Phoenix was reportedly high on Durant’s list of preferred destinations when he requested a trade this past offseason, but there were rumors of low-ball offers from rival teams and Brooklyn was said to be disinterested in obliging his request.
A few weeks later, there were questions about Deandre Ayton’s eagerness to be back in Phoenix after he signed a four-year, maximum-salary offer sheet from the Pacers over the summer amid tensions with head coach Monty Williams. The Suns quickly matched, however, signaling they still valued the former first overall pick, even if his role sometimes fluctuates.
In mid-September, former owner Robert Sarver was suspended by the NBA for a year and fined $10MM for workplace misconduct, including racist and misogynistic comments, following a lengthy investigation. He subsequently decided to sell his controlling stake in the franchise to Mat Ishbia, which was finalized shortly before last month’s deadline.
Finally, right before training camp opened, Crowder said he wasn’t going to participate, as he was reportedly unhappy with Williams after being told he would come off the bench (he had started the previous two years). The Suns then made an announcement saying the two sides would work together to find Crowder a new team.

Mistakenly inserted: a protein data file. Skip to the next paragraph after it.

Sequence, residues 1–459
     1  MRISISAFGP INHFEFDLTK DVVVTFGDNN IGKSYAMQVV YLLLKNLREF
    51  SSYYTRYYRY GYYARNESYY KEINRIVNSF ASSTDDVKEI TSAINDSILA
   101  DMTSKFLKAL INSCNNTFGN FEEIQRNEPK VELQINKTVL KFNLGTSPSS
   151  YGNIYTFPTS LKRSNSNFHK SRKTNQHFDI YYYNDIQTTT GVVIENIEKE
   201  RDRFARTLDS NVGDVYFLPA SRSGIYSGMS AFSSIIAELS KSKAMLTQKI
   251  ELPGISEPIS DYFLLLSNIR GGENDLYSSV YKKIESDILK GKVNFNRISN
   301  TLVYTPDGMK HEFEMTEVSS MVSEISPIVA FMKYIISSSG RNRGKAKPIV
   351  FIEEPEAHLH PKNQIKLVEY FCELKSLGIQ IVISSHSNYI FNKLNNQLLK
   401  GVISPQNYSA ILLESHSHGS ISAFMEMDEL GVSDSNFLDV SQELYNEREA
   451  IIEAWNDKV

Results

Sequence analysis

Despite all the turmoil, ‘22/23 started out pretty well, with Phoenix going 15-6 over its first 21 games. Unfortunately, Johnson tore his meniscus during that span, and Chris Paul was sidelined by a foot injury until early December. The Suns lost five straight shortly thereafter, with star guard Devin Booker going down with a groin injury in mid-December.